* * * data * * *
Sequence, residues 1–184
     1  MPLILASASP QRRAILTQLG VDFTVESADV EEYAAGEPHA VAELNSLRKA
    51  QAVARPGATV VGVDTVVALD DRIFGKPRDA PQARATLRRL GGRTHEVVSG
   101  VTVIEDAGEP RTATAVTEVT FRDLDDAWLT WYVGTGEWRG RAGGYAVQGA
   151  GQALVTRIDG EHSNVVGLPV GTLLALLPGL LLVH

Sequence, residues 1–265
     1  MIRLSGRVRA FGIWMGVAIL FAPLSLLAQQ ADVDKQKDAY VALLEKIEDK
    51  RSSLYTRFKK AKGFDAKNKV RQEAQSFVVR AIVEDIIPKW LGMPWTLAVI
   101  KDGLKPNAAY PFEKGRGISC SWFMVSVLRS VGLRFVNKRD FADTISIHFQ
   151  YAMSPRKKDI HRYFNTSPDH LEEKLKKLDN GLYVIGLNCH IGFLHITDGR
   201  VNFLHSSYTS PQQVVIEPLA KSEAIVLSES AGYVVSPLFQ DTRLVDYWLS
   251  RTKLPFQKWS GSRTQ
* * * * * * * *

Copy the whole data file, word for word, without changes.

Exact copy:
Sequence, residues 1–184
     1  MPLILASASP QRRAILTQLG VDFTVESADV EEYAAGEPHA VAELNSLRKA
    51  QAVARPGATV VGVDTVVALD DRIFGKPRDA PQARATLRRL GGRTHEVVSG
   101  VTVIEDAGEP RTATAVTEVT FRDLDDAWLT WYVGTGEWRG RAGGYAVQGA
   151  GQALVTRIDG EHSNVVGLPV GTLLALLPGL LLVH

Sequence, residues 1–265
     1  MIRLSGRVRA FGIWMGVAIL FAPLSLLAQQ ADVDKQKDAY VALLEKIEDK
    51  RSSLYTRFKK AKGFDAKNKV RQEAQSFVVR AIVEDIIPKW LGMPWTLAVI
   101  KDGLKPNAAY PFEKGRGISC SWFMVSVLRS VGLRFVNKRD FADTISIHFQ
   151  YAMSPRKKDI HRYFNTSPDH LEEKLKKLDN GLYVIGLNCH IGFLHITDGR
   201  VNFLHSSYTS PQQVVIEPLA KSEAIVLSES AGYVVSPLFQ DTRLVDYWLS
   251  RTKLPFQKWS GSRTQ